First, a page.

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Abstract Detail

Public Participation in Scientific Research:Emerging Resources for Botany

Mast, Austin [1], Newman, Sarah [2].

Public Participation in Scientific Research:Emerging Resources for Botany.

Public engagement in scientific research(sometimes referred to as Citizen Science) is not new, but new web resources (e.g.,the Zooniverse, Cornell Lab of Ornithology, and USA National Phenology Network suites of projects) provide scientists with opportunities to engage the public in ways and at scales not previously possible. At the same time, the public is increasingly provided with opportunities to learn how to do science and, in some cases, co-design and implement the experiments with scientist partners. This is leading to a democratization of science, in which the public has a more direct role in doing research meaningful to them (e.g.,determining floristic changes in a local natural area). An indication of the growing role that the public is playing in science is the recent success of the inaugural Public Participation in Scientific Research Conference in Portland, Oregon (August 4-5,2012), a conference attended by over 300 participants. Discussions at the conference centered on, among other things, creation of a professional society and journal focused on the topic. Further evidence ofthe recognition that the topic is increasingly important are the several new working groups (e.g., at iDigBio, NEON, and DataONE) and recent workshops(e.g., at California Academy of Sciences in May 2012, at USGS and at iDigBio inSeptember 2012) focused on it. We propose a symposium that combines presentations on the following topics: (1) useful typologies for thinking about citizen science projects, (2) lessons learned in the development of a citizen science project, (3) professional resources emerging from the inaugural Public Participation in Scientific Research Conference, (4) cyberinfrastructure resources for citizen science projects, (5) data quality considerations for citizen science projects, and (6) an overview of roles for the public in digitization of biodiversity specimens, with a discussion of relevant motivations and software tools. We suggest that the symposium take the form of three 30-minute talks; a 30-minute coffee break; three more 30-minute talks;and a 30-minute panel discussion.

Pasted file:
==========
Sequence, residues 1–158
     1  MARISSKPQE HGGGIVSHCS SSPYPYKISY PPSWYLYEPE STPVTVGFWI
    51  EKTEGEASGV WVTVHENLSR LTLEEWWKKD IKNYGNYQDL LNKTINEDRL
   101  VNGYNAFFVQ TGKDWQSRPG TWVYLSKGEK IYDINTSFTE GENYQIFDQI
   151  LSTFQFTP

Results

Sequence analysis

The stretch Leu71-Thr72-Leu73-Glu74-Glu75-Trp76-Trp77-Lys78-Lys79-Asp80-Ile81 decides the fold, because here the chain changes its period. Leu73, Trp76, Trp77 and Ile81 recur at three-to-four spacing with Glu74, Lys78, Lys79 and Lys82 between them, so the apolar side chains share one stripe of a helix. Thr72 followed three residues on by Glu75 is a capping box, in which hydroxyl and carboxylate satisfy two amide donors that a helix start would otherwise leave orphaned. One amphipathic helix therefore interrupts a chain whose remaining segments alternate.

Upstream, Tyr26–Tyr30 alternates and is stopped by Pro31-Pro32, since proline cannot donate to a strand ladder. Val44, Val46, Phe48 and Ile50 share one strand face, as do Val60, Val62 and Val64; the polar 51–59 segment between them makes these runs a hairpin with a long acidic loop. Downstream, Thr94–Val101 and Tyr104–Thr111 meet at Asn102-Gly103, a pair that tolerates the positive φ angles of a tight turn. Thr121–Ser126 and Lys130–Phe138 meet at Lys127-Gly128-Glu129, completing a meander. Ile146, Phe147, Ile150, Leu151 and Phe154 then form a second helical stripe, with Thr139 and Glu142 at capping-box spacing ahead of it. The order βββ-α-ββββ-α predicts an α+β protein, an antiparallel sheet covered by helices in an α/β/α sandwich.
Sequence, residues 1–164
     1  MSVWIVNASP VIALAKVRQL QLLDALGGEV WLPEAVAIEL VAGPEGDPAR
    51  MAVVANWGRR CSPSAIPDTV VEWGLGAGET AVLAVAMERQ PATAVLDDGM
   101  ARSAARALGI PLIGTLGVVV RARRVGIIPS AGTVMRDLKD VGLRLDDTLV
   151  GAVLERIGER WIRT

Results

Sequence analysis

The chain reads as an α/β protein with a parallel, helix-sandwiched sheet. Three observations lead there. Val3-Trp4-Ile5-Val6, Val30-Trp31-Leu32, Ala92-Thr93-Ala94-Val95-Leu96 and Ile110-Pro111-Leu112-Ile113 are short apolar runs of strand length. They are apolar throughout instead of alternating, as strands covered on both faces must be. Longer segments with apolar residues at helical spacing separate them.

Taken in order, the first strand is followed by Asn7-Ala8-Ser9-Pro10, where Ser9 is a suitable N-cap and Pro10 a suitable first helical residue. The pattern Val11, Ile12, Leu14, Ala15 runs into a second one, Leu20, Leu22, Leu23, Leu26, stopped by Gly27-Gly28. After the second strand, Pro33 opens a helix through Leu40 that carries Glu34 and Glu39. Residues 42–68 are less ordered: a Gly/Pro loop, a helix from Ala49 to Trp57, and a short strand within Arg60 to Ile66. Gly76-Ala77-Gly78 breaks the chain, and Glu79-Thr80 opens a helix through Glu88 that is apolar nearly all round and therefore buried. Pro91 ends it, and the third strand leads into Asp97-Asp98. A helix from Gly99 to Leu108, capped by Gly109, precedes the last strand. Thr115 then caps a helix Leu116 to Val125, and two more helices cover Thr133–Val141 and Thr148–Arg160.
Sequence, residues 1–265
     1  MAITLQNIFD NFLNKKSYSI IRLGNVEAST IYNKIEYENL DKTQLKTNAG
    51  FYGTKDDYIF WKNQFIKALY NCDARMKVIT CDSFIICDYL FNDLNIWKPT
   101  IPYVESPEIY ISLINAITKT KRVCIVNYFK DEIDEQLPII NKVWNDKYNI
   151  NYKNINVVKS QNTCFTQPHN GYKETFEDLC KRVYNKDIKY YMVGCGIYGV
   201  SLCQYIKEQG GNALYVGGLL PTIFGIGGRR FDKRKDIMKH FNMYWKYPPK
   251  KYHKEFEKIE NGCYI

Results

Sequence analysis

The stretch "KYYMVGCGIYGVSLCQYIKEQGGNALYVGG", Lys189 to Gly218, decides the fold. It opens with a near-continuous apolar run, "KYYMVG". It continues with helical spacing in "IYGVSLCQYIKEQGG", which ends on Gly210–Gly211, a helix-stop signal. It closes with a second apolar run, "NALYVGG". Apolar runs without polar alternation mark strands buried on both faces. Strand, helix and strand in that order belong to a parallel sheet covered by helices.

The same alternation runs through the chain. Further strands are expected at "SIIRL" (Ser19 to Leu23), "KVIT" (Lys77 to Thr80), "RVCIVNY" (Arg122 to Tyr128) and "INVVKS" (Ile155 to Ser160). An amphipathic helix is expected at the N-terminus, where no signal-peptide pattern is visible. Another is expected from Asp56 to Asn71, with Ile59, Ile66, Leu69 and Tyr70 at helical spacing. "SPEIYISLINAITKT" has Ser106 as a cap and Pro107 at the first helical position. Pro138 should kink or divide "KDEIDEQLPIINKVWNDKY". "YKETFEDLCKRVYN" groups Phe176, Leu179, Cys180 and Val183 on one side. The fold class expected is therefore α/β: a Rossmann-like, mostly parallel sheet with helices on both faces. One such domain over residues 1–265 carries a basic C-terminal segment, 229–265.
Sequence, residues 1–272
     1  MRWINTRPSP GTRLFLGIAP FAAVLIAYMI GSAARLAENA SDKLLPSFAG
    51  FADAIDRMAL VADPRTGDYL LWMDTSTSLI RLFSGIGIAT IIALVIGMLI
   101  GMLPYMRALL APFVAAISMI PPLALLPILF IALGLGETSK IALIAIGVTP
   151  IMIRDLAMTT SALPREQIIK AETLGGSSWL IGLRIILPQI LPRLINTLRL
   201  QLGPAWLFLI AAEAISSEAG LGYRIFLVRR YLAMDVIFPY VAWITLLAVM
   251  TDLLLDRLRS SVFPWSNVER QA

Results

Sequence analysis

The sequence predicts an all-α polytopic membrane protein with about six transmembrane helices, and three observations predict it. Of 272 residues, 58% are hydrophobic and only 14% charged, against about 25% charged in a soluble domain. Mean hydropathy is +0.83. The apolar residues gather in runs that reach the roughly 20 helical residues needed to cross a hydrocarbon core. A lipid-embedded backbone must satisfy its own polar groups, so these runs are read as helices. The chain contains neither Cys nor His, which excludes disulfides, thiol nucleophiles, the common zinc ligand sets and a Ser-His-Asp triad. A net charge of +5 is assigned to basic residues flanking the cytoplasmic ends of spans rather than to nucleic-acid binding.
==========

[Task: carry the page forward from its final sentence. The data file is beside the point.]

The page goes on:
Broader Impacts:

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1 - Florida State University, Department of Biological Science, 319 Stadium Drive, Tallahassee, FL, 32306, USA
2 - NEON, Inc., Citizen Science Coordinator, 1685 38th St., Suite 100, Boulder, CO, 80301, USA

Biodiversity Informatics
Broader Impacts
Citizen Science
Science Education
NEON, Inc.
Public Participation in Scientific Research.

Presentation Type: Symposium or Colloquium Presentation
Session: SY01
Location: Jasperwood/Riverside Hilton
Date: Monday, July 29th, 2013
Time: 8:00 AM
Number: SY01SUM
Abstract ID:12
Candidate for Awards:None

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